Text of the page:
Generators slam ISO-NE cost recovery proposal for Exelon gas plant
Generators, industrial customers and environmentalists criticized an ISO-NE proposal in comments filed with the Federal Energy Regulatory Commission on Wednesday, writing that the grid operator’s plan to provide cost recovery to an Exelon natural gas plant is overly broad and complex.
ISO-NE wants to keep two units of the Mystic Generating Station online due to their financial support for an adjacent liquified natural gas import facility, but critics wrote that would go beyond the grid operator’s current reliability authority and called for the ISO to design a market-based solution to address the issue.
Exelon wrote that without cost recovery it would be forced to close Mystic when its current capacity obligations expire in the early 2020s. Two years of cost recovery after those expirations would allow ISO-NE to develop a market solution for fuel security, it wrote.
ISO-NE’s cost recovery filing for the Mystic plant opened a new dimension in the ongoing debate over fuel security and reliability in U.S. power markets.
Early this month, ISO-NE asked FERC for a waiver from its market tariff to provide cost recovery for units 8 and 9 at the Mystic plant. If they retire, the grid operator warned, the nearby Everett LNG import facility will likely enter an “economic death spiral” and shut down, threatening the region’s fuel supply in the winter months.
"[R]etirement of Mystic 8 & 9 would cause the ISO to deplete 10-minute operating reserves (a violation of mandatory reliability criteria) on numerous occasions and, further, to instigate load shedding — rolling blackouts — during the New England winters of 2022-2023 and 2023-2024," the ISO wrote.
Critics say the underlying fuel security analysis is unrealistically conservative, and warned that approving cost recovery for the plant would significantly expand the grid operator’s market authority.
“ISO-NE’s unprecedented request would apply ISO-NE’s authority over transmission security in a fuel security context — a significant augmentation of its role and one it previously sought to disavow,” the Environmental Defense Fund wrote in its comments, noting that ISO-NE wrote in a 2010 filing with FERC that “fuel supply issues are not within the planning authority of the ISO.”
Instead of cost recovery, EDF and other critics pushed FERC to direct ISO-NE to design a market-based solution to value fuel security. Mystic unit 8 has a capacity supply obligation until May 2022, the Electric Power Supply Association, a generator trade group, noted, which could give the grid operator time to devise a new solution.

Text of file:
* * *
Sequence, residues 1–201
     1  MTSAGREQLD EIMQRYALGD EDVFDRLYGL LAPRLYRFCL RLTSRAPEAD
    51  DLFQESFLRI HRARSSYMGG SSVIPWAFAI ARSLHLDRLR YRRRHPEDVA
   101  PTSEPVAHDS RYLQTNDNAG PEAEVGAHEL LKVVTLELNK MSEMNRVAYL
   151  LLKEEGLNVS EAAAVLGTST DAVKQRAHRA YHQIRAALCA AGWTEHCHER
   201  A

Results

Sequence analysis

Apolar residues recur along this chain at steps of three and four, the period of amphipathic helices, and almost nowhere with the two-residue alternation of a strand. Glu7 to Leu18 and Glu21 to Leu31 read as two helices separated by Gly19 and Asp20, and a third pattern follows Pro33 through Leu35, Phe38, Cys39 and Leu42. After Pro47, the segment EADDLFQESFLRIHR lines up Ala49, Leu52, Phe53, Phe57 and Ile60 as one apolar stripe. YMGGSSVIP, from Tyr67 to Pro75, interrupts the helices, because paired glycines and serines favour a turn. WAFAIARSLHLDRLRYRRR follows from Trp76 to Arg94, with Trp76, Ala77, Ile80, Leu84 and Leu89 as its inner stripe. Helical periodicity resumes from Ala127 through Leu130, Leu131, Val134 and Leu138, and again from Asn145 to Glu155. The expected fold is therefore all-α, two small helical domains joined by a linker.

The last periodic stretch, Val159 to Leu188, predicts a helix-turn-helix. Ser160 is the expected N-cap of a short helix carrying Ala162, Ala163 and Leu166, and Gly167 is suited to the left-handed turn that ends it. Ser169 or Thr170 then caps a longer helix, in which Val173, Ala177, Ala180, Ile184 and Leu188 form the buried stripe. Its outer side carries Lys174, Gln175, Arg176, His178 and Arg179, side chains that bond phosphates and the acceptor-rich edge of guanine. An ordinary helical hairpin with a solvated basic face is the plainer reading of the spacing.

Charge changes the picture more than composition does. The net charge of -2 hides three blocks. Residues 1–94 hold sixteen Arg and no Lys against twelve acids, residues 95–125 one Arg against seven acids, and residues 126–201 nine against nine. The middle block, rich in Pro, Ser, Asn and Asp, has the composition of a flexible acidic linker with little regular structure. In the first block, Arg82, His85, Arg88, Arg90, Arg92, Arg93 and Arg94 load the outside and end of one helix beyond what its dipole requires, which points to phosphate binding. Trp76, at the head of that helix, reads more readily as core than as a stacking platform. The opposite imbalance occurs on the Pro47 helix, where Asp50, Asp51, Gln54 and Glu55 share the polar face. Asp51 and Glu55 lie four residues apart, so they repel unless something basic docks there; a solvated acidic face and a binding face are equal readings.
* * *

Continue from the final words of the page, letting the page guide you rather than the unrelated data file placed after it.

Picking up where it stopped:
“As the ISO’s petition concedes, the issue at hand is not an immediate reliability concern, and therefore does not warrant the extreme proposed approach which is not contemplated in the ISO Tariff or System Rules, does not comport with FERC [cost recovery] policies or precedent, is and has not been available to any other generation resource in ISO-NE,” EPSA wrote.
Exelon argued that while the ISO sees the plant as necessary, its market tariffs do not support its operation past 2022. The company wants FERC to grant it cost recovery before July of this year, when it will have to decide whether to bid the Mystic units into ISO-NE’s next capacity auction.”
“Under the current rules — the rules that ISO-NE seeks to have waived in this proceeding — Mystic on July 6, 2018 must either commit to unconditionally retire Mystic 8 & 9, or risk being committed to additional Capacity Supply Obligations prior to resolution of Mystic’s recent filing submitting an executed cost-of-service agreement,” Exelon wrote. “Accepting that risk would leave Mystic exposed to both an unknown payment for its services and unknown terms and conditions for providing that service.”
FERC will evaluate the Mystic application amid an increased focus on fuel security. This month, Chairman Kevin McIntyre linked the issue with FERC’s high-profile grid resilience docket.
"Is there such a thing as a recognizable resilience attribute that one can easily, or at least in terms that are manageable, recognize and identify?" he asked. "If the answer to that is yes, which would sure be convenient, then we just need to go about the simple business of figuring out how to compensate it."
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